What soundtracks in a game really hit you?

Inspireless Llama

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Dec 20, 2019
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Hey guys,

I've seen 2 soundtrack topics already here, 1 about recommendations and one about custom soundtracks, but none about which soundtrack did fit into a game perfectly.

For me, of course the Witcher 3 soundtrack was absolutely excellent. But also in a very old game, I found the soundtrack of Rome: Total War really really good and totally fit into the game.


But also for those who played Rise of the Tomb Raider, the last song in that game I found really really good and fitting.


What are soundtracks you guys found prefectly?
 
If I am going to pick a sountrack that perfectly represents the game it's a part of then it has to be Silent Hill. The music design for those games is brilliant and sounds just as lost and tortured as the poor souls trapped within its nightmare world.

I am also very much a fan of Robert Holmes, composer for the Gabriel Knight series and think his style fit the games perfectly and helped define their place in gaming history.

Nier: Automata's soundtrack was perfect for the game. While it doesn't seem to fit the action oriented aspects, the music was perfect for the existential themes found in the game.
 
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Feb 1, 2020
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My favorite soundtrack is probably Hollow Knight. It's so vivid and fits the mood so well, just a very well orchestrated score with a lot of range. Lotta cool leitmotif stuff that make it even deeper.

I'm playing the Outer Worlds right now and I think it has a really fun and unique sound that feels different than other sci-fi music.
 
Jan 16, 2020
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I still listen to a lot of soundtracks for games. Mostly Indie games or remixes of them.

i listen to a lot of james paddock's soundtracks, especially the back to saturn x soundtrack, as well as the odd adventures of square one.

View: https://www.youtube.com/watch?v=DJZe4SeiEx0&list=PLIquCqbH2phw6LE8Q5Sv1bcoF8U1yR28g&index=84


Recent indie games i listen to include chroma squad and brigador. The latter i turn on when i'm at work writing a report or something tedious.

Lastly one that has recently struck a real cord with me is Valley. The one that really sticks out was track 14 - thundering charge. In the game you ran along rails and hurtled through tunnels at break neck speed whilst jump vast chasms to get to your destination.


View: https://www.youtube.com/watch?v=Q4i7WP8s004&list=PLIquCqbH2phw6LE8Q5Sv1bcoF8U1yR28g&index=84&t=0s


Kudos to the devs for making a brilliant game and an awesome soundtrack.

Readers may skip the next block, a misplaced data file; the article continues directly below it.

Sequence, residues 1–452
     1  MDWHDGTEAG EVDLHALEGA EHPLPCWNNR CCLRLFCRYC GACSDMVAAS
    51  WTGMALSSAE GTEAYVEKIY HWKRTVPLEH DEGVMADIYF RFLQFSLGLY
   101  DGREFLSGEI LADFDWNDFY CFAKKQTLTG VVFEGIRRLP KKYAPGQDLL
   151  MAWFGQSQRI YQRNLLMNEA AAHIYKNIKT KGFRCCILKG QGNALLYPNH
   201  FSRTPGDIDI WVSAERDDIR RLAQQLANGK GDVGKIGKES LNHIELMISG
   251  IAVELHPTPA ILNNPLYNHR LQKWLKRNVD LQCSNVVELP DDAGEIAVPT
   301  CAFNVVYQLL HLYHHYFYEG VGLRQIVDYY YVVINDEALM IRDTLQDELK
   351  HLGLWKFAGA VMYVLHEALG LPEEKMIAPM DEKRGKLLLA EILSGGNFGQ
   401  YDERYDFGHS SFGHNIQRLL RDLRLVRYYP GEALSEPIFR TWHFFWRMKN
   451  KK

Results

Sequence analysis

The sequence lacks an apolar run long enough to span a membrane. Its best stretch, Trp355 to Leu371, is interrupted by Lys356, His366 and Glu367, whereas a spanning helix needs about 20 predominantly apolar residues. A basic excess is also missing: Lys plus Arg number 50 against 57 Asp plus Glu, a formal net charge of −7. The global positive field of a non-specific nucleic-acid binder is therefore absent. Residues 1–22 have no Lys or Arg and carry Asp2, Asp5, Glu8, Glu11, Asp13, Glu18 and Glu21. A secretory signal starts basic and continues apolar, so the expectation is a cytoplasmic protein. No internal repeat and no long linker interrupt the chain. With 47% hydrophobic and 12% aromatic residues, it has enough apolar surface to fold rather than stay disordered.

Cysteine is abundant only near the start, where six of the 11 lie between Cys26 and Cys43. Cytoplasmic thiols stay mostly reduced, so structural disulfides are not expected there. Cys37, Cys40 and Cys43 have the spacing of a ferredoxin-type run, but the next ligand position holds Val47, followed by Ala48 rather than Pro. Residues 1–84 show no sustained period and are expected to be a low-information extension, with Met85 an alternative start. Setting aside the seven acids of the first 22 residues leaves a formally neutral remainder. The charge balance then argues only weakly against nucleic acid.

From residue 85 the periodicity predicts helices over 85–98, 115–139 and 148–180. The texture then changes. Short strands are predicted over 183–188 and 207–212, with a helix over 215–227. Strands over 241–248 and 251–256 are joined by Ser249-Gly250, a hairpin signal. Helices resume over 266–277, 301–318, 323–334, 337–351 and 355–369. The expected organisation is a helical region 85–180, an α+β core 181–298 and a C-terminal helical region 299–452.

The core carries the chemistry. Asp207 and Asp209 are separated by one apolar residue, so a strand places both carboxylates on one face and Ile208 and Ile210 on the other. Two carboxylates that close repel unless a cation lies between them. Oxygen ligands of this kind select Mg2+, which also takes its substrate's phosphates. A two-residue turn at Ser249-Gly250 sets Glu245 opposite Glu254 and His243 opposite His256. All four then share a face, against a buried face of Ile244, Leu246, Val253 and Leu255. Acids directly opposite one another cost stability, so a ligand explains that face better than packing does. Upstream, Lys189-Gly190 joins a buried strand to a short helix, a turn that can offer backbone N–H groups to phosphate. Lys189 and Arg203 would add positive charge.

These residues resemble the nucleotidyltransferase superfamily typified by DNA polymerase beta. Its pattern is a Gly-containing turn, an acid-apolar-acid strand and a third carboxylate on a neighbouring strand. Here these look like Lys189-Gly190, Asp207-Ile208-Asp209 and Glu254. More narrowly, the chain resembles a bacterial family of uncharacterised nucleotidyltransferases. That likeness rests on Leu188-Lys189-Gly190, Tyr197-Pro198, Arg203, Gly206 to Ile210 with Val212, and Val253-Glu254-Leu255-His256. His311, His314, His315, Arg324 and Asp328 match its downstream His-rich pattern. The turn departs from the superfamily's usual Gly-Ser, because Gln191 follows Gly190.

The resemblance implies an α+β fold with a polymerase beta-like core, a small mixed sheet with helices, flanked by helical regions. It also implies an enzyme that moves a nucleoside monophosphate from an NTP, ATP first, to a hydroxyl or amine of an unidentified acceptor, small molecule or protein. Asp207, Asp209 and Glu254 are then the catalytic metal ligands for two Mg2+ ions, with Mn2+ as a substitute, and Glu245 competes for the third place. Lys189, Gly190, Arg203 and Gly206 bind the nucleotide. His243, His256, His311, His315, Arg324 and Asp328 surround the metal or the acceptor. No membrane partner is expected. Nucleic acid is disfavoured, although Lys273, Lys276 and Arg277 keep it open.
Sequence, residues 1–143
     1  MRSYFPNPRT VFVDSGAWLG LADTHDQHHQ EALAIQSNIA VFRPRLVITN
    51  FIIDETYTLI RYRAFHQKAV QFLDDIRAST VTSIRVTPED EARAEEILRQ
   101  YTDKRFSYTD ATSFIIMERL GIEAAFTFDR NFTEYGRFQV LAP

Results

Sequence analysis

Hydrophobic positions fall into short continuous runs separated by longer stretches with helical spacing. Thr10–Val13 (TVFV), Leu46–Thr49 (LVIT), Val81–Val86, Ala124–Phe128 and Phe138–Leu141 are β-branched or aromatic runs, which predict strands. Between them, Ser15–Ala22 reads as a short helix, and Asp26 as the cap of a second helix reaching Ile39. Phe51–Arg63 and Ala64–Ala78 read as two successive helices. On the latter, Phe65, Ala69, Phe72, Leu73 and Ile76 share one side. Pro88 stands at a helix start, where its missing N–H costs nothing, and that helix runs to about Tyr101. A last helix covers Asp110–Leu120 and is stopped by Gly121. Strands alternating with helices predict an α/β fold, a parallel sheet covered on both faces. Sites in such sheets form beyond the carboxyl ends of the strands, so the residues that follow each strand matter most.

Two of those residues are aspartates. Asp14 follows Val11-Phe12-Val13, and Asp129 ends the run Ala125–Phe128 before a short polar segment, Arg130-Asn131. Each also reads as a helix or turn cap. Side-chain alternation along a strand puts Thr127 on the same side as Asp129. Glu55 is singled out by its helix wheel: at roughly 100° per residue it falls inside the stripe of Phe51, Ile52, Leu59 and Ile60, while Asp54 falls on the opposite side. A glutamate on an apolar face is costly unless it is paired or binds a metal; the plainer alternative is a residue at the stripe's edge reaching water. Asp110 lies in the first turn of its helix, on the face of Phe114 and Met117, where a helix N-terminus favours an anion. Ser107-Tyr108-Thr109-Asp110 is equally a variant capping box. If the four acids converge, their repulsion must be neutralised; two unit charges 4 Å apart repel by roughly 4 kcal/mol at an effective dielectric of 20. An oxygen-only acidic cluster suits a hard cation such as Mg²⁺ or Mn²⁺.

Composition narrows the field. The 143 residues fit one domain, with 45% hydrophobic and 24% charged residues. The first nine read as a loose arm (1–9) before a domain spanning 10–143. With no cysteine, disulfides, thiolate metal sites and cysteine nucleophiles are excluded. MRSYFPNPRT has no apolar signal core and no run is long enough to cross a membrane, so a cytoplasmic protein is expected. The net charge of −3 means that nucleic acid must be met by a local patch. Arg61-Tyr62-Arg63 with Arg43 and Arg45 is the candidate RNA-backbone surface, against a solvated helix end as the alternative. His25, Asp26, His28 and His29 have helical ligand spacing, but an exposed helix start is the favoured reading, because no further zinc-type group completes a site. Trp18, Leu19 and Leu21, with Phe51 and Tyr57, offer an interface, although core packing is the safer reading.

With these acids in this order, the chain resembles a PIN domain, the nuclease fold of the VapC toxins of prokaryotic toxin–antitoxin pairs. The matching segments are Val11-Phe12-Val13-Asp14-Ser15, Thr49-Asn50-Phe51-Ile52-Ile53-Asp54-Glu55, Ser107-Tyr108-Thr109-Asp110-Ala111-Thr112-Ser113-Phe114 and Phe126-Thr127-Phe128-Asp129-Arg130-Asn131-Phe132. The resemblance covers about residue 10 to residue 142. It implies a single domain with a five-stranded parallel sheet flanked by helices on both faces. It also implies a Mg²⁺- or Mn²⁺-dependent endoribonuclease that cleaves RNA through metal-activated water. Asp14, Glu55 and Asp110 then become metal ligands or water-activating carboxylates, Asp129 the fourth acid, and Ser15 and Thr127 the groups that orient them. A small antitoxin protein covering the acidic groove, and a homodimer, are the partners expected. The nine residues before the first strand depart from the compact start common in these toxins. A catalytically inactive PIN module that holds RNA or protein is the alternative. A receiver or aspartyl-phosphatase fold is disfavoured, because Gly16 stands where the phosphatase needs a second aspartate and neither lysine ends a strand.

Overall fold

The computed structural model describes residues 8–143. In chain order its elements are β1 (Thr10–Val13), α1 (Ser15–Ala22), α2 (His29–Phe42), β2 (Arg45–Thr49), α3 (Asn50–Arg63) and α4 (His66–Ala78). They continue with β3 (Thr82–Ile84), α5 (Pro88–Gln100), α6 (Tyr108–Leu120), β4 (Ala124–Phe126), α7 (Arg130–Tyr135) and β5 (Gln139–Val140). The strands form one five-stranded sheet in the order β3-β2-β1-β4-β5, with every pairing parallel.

Frindis

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Gabriel Knight2: The Beast Within [GoG].
(NB, when you open this particular track, do NOT look at the picture above the track. Just open the link and listen without looking. The picture above the song contains spoiler for the game) is fantastic and one of the high points in the game for me. It really captures the gothic and eery atmosphere of the game.

The one after at 47:18 is also quite memorable for me and at a very emotional point in the game.

For anyone not played this game, it is still VERY good and works on Win 10. One of the best stories/settings you will find in a game and with an excellent cast.
 
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Inspireless Llama

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Dec 20, 2019
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Gabriel Knight2: The Beast Within [GoG].
(NB, when you open this particular track, do NOT look at the picture above the track. Just open the link and listen without looking. The picture above the song contains spoiler for the game) is fantastic and one of the high points in the game for me. It really captures the gothic and eery atmosphere of the game.

The one after at 47:18 is also quite memorable for me and at a very emotional point in the game.

For anyone not played this game, it is still VERY good and works on Win 10. One of the best stories/settings you will find in a game and with an excellent cast.
I like it!

I actually forgot a soundtrack in my original post haha. The Devil May Cry soundtrack actually convinced me to buy the game.



 
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One video game soundtrack that stands out to me in particular was that of Hellblade: Senua's Sacrifice. The game takes place in a fantastical, twisted version of 8th century Britannia as it was occupied by the Norsemen. Senua, who suffers from psychosis, is on a quest to save the soul of her deceased lover Dilion from the wrath of the goddess Hela. The game is basically a visual representation of Senua's hallucinations and for a lot of the game she is terrified and gripping with her fears.

There are a few more empowering moments, however, perhaps none more so than when Senua is crossing the bridge to Helheim. She is being encouraged by the voice of her father, telling her:

"And you wanted to surrender? Abandon him to find peace with the gods? No. The darkness won’t allow it. So you will walk into the lair of the beast, look it in the eye and you will go to war.

This is your mission. This is your quest. There is nothing else left.

The gods made you a warrior for a reason! It’s your calling."
Then the bridge sequence starts and you're fighting off hellish Norsemen as these thundering drums and a powerful viking chant are washing over you. I got chills down my spine from the very first beat of the drums, never once missing a single sword stroke or parry for the entire section of gameplay. It was such a powerful moment that I wanted to be perfect for Senua, and the accompanying music is so incredibly powerful and stimulating!